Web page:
As effortless as Days Are Gone feels, it’s taken a lifetime to create. As multi-instrumentalists, the sisters have honed their live act since they were children, sometimes together (they performed classic rock covers with mom and dad in Patridge family-esque RockinHaim), and sometimes separately (as an adult, Danielle played on tour with Jenny Lewis, Julian Casablancas, and Cee-Lo Green). Not until releasing 2012’s Forever EP did Haim really catch a break, a fact that Derek Davies, co-founder of their old record label, insists was a long time coming: “They’re literally the most popular girls in the music industry. Everyone loves these girls. It’s fucking insane.”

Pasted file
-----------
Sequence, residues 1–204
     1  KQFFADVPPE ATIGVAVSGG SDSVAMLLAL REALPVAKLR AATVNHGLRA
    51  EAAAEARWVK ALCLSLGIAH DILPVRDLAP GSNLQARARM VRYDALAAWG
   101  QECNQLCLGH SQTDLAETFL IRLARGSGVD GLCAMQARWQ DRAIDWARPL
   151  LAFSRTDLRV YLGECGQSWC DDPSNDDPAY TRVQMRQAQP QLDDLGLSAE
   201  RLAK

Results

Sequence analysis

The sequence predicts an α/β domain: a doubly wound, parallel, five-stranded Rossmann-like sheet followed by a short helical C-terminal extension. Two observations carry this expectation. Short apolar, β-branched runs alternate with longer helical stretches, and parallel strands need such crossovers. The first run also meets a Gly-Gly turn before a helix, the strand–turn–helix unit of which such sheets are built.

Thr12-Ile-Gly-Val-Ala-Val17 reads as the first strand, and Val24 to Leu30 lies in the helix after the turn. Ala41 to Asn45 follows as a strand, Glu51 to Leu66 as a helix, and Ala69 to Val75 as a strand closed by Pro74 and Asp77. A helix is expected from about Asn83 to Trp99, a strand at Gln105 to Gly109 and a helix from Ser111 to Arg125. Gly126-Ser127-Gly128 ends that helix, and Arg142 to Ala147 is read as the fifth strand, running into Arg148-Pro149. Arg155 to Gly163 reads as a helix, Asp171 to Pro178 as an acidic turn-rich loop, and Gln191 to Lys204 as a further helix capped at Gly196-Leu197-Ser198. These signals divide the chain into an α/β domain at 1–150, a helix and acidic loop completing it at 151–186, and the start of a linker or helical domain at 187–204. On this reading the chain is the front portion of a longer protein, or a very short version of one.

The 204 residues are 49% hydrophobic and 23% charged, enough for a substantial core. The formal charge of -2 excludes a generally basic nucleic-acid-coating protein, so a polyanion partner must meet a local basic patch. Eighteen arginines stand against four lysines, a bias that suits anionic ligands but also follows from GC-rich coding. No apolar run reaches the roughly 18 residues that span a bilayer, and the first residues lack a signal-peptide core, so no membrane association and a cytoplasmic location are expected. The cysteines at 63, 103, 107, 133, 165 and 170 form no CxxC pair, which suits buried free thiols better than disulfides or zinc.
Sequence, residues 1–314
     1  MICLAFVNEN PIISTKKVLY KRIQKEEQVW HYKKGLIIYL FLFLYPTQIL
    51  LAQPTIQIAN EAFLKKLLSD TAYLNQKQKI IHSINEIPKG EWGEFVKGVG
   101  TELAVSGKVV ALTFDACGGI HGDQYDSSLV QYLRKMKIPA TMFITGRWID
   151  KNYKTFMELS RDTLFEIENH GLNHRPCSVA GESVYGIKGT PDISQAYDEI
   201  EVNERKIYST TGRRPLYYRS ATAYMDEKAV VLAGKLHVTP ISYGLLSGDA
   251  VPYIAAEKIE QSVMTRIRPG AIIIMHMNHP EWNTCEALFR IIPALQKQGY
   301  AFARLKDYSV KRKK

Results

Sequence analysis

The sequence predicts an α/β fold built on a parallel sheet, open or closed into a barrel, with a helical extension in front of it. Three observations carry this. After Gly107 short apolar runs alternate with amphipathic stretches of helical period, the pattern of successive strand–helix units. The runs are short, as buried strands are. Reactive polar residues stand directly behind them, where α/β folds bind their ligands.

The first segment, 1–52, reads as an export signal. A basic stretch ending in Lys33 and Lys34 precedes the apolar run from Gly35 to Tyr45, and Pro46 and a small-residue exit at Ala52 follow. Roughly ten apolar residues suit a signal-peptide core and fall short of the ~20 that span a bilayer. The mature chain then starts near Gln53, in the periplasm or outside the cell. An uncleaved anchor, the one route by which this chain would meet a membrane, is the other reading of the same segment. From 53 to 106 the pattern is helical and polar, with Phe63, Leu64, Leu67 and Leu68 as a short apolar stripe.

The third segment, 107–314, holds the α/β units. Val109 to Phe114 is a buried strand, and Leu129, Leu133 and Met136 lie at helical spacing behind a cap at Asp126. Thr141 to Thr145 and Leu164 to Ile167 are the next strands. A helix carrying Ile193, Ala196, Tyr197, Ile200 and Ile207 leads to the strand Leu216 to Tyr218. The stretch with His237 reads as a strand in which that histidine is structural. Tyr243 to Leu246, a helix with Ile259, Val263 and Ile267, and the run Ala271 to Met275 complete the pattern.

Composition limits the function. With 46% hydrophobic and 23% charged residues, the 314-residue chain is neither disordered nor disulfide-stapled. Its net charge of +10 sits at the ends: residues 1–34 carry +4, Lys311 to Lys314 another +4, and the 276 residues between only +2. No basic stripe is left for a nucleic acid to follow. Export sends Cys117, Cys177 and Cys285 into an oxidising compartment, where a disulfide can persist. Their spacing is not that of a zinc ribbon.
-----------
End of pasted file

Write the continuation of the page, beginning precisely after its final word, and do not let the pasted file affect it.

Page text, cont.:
Whether Haim are soft-rock-gone-R&B personified (cue the bouncing bass line of “Falling”), a slippery slope for indie hipsters (“Go Slow” unlocks the love for Wilson Phillips you never knew you had) or something unclassifiable (try to explain the futuristic bump n’ grind of “My Song 5”), their songwriting talents and musicianship remain undeniable. And as brightly as these melodies shine, Haim remember that lasting pop music has its share of shadows; “Go get out, get out of my memory” grits Alana under the bubbly synths of “Forever,” railing against bad romances and emotional entanglements. Both these girls and their troubles are relatable — a quality that makes it easy to get caught up in Haim.
Haim – “Honey & I” – mp3